Monmouth Museum

Monmouth Museum
Monmouth Museum - - 1708313.jpg
Location Market Hall, Monmouth, Wales
Coordinates 51°48′47″N 2°42′56″W  /  51.8131°N 2.7156°W  / 51.8131; -2.7156
Curator Andrew Helme
Website Official website
The only known example of an original Monmouth cap, dating from the 16th century on display at the museum.
Market Hall on fire in 1963
Keith Kissack with Prince Charles in the Museum, 1975.
View of Monmouth Museum from Vauxhall Fields, including the River Monnow

The Monmouth Museum, alternatively known as The Nelson Museum and Local History Centre,[1] is a museum in Monmouth, Monmouthshire, south east Wales. It features a collection of artifacts associated with Admiral Horatio Nelson. The museum is located in the old Market Hall in the town centre in Monmouth, a short distance from the River Monnow, Monmouth Castle and Agincourt Square.

History [ edit ]

The Nelson collection was a bequest to the town of Monmouth upon the 1923 death of Lady Georgiana Llangattock,[2] wife of local landowner and town benefactor, John Rolls, 1st Baron Llangattock and mother of Charles Rolls, who had amassed the collection of Nelson memorabilia during the late nineteenth and early twentieth centuries. In the late nineteenth century, Lady Llangattock donated a gymnasium in Glendower Street to the town of Monmouth.[2][3] After her death, the gymnasium reopened as the Nelson Museum in 1924.[4] The museum moved to new quarters in 1969; the building which initially housed it is known as the Nelson Rooms.[3][5] The collection includes Nelson's naval officers fighting sword (and those of the surrendered French and Spanish naval commanders at Trafalgar), letters from Nelson both to his wife[6] and to Lady Hamilton and various items commemorating Nelson's victories, his Royal Navy career and his visit, with the Hamiltons, to Monmouth town, The Kymin and South Wales. Also on display are commemorative silverware, prints, paintings, glassware, pottery and models of the Battle of Trafalgar. Among the items from Nelson's visit is the table used when he dined at the Kymin Round House.[7]

The collection also comprises some Nelson fakes, including a glass eye purported to be his, even though he had lost his sight, not the eyeball itself; it is a surgeon's teaching model. The museum also holds items relating to Monmouth town's history and archaeology, and an archive relating to Charles Rolls and his family. One notable example of this is the only known example of an original Monmouth Cap, dating from the 16th century.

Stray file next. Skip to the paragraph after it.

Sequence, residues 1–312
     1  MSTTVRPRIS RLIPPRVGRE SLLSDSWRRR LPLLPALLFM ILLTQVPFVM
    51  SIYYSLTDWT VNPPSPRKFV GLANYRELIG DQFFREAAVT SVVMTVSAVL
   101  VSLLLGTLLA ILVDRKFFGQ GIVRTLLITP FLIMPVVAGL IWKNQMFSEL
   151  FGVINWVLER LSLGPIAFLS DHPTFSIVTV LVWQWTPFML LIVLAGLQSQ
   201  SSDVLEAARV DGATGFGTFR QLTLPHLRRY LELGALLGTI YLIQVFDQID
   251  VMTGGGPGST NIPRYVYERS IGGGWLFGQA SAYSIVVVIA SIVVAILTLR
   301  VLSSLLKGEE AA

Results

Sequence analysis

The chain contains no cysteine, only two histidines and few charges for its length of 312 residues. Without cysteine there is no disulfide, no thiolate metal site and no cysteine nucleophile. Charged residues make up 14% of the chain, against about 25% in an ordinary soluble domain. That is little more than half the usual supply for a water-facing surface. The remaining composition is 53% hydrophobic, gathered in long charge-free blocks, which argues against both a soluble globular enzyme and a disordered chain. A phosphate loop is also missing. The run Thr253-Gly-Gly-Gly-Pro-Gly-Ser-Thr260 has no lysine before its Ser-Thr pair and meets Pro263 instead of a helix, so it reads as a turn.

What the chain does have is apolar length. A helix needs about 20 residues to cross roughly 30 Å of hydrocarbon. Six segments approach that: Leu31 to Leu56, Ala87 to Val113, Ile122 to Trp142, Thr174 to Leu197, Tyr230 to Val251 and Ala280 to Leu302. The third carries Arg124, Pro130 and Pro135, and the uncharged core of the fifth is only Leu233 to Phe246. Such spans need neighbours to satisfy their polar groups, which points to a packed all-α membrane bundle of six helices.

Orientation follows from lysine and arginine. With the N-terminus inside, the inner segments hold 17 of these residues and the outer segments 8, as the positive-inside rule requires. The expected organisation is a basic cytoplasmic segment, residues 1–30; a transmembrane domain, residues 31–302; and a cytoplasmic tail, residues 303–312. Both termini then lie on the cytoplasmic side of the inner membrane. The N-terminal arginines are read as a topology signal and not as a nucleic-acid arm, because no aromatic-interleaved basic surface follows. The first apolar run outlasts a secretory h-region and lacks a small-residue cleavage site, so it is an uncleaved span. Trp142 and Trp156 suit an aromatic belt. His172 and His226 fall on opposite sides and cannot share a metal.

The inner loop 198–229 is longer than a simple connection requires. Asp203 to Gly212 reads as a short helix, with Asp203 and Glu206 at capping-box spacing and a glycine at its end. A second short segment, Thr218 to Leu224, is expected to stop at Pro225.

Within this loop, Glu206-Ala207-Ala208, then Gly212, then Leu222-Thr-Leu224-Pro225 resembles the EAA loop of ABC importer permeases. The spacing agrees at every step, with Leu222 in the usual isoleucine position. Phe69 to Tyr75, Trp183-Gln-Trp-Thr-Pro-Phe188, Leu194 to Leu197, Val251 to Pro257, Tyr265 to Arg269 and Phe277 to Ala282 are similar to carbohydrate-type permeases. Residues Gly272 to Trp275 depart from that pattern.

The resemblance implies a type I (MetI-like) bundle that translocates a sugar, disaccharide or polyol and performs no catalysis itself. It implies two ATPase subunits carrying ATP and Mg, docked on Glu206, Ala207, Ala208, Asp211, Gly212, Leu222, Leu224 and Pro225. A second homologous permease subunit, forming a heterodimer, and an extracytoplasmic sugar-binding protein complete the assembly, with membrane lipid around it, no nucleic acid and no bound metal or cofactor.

The museum opened in 1924, in the gymnasium in Glendower Street which the Llangattock family donated to mark the coming of age of John Maclean Rolls in 1891, now the Nelson Rooms.[3][8] It moved to its current location in 1969 after the Market Hall had been completely refurbished and redesigned. The entire central part of the Market Hall building had been destroyed by a fire in 1963.[9]

Museum Collection [ edit ]

References [ edit ]

  1. ^ "Monmouth Town Guide". Monmouth Town Council. Retrieved 10 December 2011. [permanent dead link]
  2. ^ a b "Monmouth and Its Rich Past". Herefordshire Life. 19 February 2010. Archived from the original on 13 January 2013. Retrieved 31 May 2012.
  3. ^ a b c "The Nelson Rooms, Glendower Street, No. 2, Monmouth". Royal Commission on the Ancient and Historical Monuments of Wales. Retrieved 31 May 2012.
  4. ^ "Nelson Manuscripts at Monmouth Museum"(PDF). The National Archives - Nelson Museum and Local History Centre. Retrieved 31 May 2012.
  5. ^ "Attractions - Monmouth Museum". Monmouthshire County Council. Retrieved 31 May 2012. [permanent dead link]
  6. ^ Nelson, Horatio; et al. (1958). Nelson's letters to his wife: and other documents, 1785-1831. Taylor & Francis. p. 630.
  7. ^ Jones, Barbara (1974). Follies & Grottoes. Constable & Co. p. 414. ISBN 0-09-459350-7.
  8. ^ Helme, Andrew (July 2009). "Nelson Museum". Monnow Voice (3). p. 6.
  9. ^ "The New Market Hall fire, Monmouth, 1963". Gathering the Jewels. Retrieved 2012-03-20. [permanent dead link]

External links [ edit ]

What is this?